Some suggestions for the governor and legislative leaders to improve the K-12 budget

Governor Evers’ recent comments to the media indicating that he plans to reach out to Republican legislative leaders before the Assembly and Senate meet to take up the state budget bill got us thinking.

We’d like to take this opportunity to suggest some things we would like to see the governor and legislative leaders discuss seriously in any negotiations they might undertake.  These are modest asks. The spending increase provided by the JFC budget for K-12 education in 2019-21 is over $130 million smaller than the increase provided by the 2017-19 state budget.  We respectfully suggest policy makers revisit a couple of issues that if adopted could make this a better budget for schools.

Our first priority would be to see an increase in special education categorical aid in the first year (2019-20) of the budget.

Prior to the final JFC vote, the WASB had encouraged the governor’s office to push for higher funding levels for special education categorical aid in the first year (2019-20) of the budget. We argued that such an increase could be funded by using some of the one-time state surplus generated by federal tax reform (see previous post). We also pointed out that such an increase would not create a new ongoing obligation under federal maintenance of effort (MOE) requirements so long as it did not exceed the increase already approved by the JFC for the second year (2020-21) of the biennium.

We argued that such an increase in 2019-20 would help to ensure that all districts, especially those with declining enrollment and thus decreasing revenue limit authority, would receive an increase in spendable resources that would match inflation and would not increase property taxes.  We would encourage such a discussion between the governor and legislative leaders even at this late stage of the process.

Each one percent increase in the special education reimbursement rate would cost the state about $15 million. To get from 26 percent to 28 percent in the first year—i.e., to match the least costly option recommended by the very same Blue Ribbon Commission on School Funding established by Assembly Speaker Vos and Senate Majority Leader Fitzgerald–would cost only $30 million or so. To go all the way to 30 percent would cost about $60 million more, an amount less than two-tenths of one percent of the General Fund budget approved by the JFC and about seven hundredths of a percent of the overall All Funds budget approved by the JFC.

Another set of priorities would be: a) to restore some of the TEACH funding targeted to small and rural schools that is being eliminated under the JFC budget and b) to give the needs of students, schools and libraries greater priority in broadband expansion.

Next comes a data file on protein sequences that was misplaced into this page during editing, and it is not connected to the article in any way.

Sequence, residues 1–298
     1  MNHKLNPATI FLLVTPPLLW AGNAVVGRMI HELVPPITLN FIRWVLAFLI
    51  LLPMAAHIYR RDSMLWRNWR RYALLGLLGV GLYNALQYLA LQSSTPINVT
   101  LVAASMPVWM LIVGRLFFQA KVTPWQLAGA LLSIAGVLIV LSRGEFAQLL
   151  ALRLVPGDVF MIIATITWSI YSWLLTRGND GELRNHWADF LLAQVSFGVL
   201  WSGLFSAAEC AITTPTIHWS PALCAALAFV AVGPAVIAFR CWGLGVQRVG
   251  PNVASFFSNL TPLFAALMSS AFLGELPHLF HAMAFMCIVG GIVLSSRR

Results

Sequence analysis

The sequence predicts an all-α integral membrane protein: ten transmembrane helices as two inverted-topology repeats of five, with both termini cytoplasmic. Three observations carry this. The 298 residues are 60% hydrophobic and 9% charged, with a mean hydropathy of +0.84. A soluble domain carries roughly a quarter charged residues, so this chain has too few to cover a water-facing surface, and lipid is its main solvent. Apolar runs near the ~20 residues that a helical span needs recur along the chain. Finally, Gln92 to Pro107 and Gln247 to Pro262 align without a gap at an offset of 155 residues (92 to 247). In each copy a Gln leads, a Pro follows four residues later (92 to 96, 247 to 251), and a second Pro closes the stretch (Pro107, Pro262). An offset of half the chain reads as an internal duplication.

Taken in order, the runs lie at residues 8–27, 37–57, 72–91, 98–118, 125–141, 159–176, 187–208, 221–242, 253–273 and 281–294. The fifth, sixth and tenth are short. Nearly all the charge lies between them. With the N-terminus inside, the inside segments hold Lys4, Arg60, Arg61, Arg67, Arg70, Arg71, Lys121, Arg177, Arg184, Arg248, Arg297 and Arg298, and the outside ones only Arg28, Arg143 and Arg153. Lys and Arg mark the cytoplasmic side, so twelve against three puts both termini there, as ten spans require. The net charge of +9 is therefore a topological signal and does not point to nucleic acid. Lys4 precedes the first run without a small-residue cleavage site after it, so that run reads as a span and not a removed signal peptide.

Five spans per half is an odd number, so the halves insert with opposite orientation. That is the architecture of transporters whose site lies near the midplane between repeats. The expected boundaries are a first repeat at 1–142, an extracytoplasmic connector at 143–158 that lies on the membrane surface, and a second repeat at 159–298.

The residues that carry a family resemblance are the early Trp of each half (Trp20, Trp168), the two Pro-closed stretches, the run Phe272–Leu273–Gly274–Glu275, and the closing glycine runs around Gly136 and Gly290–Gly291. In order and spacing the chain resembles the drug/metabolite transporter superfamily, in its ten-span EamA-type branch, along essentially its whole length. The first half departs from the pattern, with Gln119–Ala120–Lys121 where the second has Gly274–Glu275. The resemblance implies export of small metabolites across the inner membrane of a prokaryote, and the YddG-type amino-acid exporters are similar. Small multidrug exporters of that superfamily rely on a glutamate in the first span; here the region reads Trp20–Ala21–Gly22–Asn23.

We were disappointed that TEACH training grants were eliminated and funding for infrastructure grants was sharply reduced in the JFC budget. The training grants were popular and well-utilized, making it hard for us to understand why they were eliminated. An alternative would have been to keep more money in TEACH grants and allow it to be used for infrastructure OR training. A very simple wording change might accomplish this.

Because TEACH funds derive from the federal school and library e-rate program, we are also very concerned that the JFC budget transfers $22 million in federal e-rate funds in each year of the budget (or $19.8 million more than the Governor proposed) to the Broadband Expansion Grant Program. We are concerned that this move permanently takes funding intended for schools and libraries away from schools and libraries and transfers it to a grant program that schools and libraries can’t even apply for. At a minimum, we want to see schools and libraries receive greater consideration in the prioritization of broadband expansion.

We also want to see the needs of students receive greater priority in broadband expansion. The state now spends about $9.2 million each year to provide every ninth grader in the state with a personal electronic computing device (i.e., a tablet or laptop). Yet, a great digital divide exists between students with adequate access to broadband service and students that lack such access. It does the state little good to provide every student with a laptop or tablet if they can’t use it for their homework assignment because they live 5 miles from their school and have inadequate or no broadband. It would be great if the state could elevate student needs when establishing priorities for broadband expansion.